The ATI is encouraged to inform its members of international developments and new and revised pronouncements issued by the IAASB.
SMO 4: Code of Ethics for Professional Accountants
In accordance with the Companies Act of 2014 (as amended 2018), the prescribed accountancy bodies (PABs) in Ireland share responsibility for establishing ethical requirements for their members, including applicable standards. The Irish Auditing and Accounting Supervisory Authority (IAASA) in accordance with the Statutory Instrument (SI) No. 220 2010 (as amended), supervises the PABs’ adoption of ethical standards in Ireland. Furthermore, it issued the IAASA Ethical Standard for Auditors (Ireland) 2017 which is based on the 2018 IESBA Code of Ethics.
The ATI is not a PAB, but it sets ethical requirements for accounting technicians that voluntarily join the institute. The ATI Code of Ethics was first issued in June 2007 and is reviewed at least every two years to ensure that it is in line with all the relevant requirements of the IESBA Code of Ethics. ATI last revised its Code in January 2018 which is available on the website.
The ATI issues notices and circulates information pertaining to any new and revised requirements to members via its eNewsletter. The ATI annually reviews its syllabus to reflect the guidance contained in the IESBA Code of Ethics, and to reflect current affairs and events in business life in Ireland.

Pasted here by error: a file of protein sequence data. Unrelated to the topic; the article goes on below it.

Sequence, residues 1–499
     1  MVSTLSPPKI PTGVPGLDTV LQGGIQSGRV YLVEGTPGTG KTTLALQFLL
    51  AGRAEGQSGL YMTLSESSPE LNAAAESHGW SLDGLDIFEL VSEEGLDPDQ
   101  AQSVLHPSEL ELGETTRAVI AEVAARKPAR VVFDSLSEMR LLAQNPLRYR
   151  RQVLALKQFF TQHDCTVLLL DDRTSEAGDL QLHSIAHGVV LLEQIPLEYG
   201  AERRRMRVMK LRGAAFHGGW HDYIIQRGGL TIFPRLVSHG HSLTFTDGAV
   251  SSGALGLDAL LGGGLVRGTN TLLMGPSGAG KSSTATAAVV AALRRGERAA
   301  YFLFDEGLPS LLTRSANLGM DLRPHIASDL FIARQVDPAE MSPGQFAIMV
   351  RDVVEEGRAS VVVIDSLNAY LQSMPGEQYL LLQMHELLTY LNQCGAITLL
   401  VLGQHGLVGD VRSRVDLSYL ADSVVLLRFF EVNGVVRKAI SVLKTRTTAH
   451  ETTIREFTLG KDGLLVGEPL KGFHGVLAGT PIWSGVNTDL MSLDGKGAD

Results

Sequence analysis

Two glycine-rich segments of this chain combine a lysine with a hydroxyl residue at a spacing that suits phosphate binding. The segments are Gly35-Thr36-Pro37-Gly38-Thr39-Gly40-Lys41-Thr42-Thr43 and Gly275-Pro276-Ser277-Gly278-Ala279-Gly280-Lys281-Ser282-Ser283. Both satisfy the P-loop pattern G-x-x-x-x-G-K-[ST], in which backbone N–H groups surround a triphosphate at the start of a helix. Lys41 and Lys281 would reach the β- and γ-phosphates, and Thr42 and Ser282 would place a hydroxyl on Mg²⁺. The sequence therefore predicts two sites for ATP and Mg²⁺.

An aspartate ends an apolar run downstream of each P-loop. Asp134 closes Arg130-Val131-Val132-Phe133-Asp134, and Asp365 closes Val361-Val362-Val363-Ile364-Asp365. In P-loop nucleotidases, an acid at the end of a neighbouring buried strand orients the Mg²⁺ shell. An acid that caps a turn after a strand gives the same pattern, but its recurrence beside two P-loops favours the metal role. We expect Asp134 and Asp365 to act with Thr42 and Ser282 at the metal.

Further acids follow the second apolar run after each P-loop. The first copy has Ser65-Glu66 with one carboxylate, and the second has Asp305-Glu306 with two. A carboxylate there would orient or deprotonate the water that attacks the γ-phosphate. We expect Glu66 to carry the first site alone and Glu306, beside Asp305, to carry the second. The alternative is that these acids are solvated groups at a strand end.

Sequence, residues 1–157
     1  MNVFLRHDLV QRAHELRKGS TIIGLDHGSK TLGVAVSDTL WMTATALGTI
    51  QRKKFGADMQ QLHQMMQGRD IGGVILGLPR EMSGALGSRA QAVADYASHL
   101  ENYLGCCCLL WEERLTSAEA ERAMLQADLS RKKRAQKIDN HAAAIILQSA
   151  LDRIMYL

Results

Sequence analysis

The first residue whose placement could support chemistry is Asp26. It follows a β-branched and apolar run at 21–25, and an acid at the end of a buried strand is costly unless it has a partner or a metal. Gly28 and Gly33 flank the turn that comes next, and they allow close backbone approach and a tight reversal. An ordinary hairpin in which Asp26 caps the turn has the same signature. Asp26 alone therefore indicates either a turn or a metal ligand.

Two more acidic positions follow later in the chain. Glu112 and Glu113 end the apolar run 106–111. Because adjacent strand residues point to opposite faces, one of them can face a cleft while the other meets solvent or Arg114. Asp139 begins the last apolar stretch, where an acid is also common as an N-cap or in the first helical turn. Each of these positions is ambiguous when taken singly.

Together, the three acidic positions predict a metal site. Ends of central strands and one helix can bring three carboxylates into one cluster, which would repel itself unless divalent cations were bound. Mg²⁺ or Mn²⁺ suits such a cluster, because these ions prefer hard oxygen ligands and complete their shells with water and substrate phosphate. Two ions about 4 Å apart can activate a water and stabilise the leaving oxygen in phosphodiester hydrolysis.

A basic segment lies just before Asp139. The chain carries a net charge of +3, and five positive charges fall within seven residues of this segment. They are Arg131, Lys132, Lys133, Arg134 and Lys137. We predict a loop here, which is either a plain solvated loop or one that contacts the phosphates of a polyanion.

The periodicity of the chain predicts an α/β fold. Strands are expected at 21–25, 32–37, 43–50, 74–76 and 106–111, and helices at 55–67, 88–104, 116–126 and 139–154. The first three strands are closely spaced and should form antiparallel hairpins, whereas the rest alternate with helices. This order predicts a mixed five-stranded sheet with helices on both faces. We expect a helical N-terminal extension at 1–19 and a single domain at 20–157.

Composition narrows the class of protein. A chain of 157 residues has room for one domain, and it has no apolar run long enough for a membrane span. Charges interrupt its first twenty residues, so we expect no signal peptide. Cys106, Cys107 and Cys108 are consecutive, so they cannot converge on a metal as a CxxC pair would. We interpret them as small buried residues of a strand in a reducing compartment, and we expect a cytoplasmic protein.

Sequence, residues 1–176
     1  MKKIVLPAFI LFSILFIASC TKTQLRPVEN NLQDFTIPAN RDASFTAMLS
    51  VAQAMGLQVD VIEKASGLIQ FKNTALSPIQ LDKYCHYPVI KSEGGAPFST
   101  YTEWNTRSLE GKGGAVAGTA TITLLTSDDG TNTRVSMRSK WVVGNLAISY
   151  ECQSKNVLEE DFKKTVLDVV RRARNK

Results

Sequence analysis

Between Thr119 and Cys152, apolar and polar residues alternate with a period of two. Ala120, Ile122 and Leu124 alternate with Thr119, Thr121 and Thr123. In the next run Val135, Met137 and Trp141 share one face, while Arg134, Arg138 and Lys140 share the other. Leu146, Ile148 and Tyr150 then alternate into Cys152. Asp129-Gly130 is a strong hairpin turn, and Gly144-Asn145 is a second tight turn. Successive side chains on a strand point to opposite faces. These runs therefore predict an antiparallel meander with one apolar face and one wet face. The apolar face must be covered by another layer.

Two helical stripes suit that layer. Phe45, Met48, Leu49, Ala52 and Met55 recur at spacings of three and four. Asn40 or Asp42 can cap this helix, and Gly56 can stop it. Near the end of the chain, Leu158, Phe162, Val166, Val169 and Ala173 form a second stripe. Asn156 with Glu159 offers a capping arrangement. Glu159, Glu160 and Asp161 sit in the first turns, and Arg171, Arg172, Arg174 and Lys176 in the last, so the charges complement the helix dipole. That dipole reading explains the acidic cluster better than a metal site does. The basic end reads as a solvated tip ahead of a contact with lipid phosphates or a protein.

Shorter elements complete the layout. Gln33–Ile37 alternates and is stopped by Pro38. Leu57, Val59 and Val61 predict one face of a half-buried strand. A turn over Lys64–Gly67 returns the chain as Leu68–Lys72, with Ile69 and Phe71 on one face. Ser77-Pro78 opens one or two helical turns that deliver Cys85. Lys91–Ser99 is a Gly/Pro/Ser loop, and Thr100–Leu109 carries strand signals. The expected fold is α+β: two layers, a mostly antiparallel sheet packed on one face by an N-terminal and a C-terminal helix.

In light of the upcoming June 2019 effective date of the 2018 International Code of Ethics, ATI should consider outlining a timeline and plans to support the implementation of this Code which is a completely restructured and rewritten code of ethics. Resources and guidance on the 2018 Code can be found here. ATI is also encouraged to indicate more specific examples of how it is supporting members with implementation and its progress with addressing the challenge of monitoring compliance. The ATI is also encouraged to consider participating in the international standard-setting process by submitting responses to IESBA consultations and exposure drafts.
SMO 5: International Public Sector Accounting Standards